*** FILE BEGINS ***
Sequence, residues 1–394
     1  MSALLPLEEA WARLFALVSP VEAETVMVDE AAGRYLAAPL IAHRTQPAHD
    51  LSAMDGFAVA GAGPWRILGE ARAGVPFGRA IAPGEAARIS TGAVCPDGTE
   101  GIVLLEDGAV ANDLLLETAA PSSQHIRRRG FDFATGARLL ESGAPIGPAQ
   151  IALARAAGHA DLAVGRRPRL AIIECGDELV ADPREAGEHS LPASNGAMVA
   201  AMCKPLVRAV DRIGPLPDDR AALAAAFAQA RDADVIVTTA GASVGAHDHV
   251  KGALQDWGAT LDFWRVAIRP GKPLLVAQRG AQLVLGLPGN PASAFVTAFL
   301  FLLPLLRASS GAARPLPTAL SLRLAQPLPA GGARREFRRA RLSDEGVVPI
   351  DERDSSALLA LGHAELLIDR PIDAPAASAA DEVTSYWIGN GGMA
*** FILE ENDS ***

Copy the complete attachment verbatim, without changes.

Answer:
Sequence, residues 1–394
     1  MSALLPLEEA WARLFALVSP VEAETVMVDE AAGRYLAAPL IAHRTQPAHD
    51  LSAMDGFAVA GAGPWRILGE ARAGVPFGRA IAPGEAARIS TGAVCPDGTE
   101  GIVLLEDGAV ANDLLLETAA PSSQHIRRRG FDFATGARLL ESGAPIGPAQ
   151  IALARAAGHA DLAVGRRPRL AIIECGDELV ADPREAGEHS LPASNGAMVA
   201  AMCKPLVRAV DRIGPLPDDR AALAAAFAQA RDADVIVTTA GASVGAHDHV
   251  KGALQDWGAT LDFWRVAIRP GKPLLVAQRG AQLVLGLPGN PASAFVTAFL
   301  FLLPLLRASS GAARPLPTAL SLRLAQPLPA GGARREFRRA RLSDEGVVPI
   351  DERDSSALLA LGHAELLIDR PIDAPAASAA DEVTSYWIGN GGMA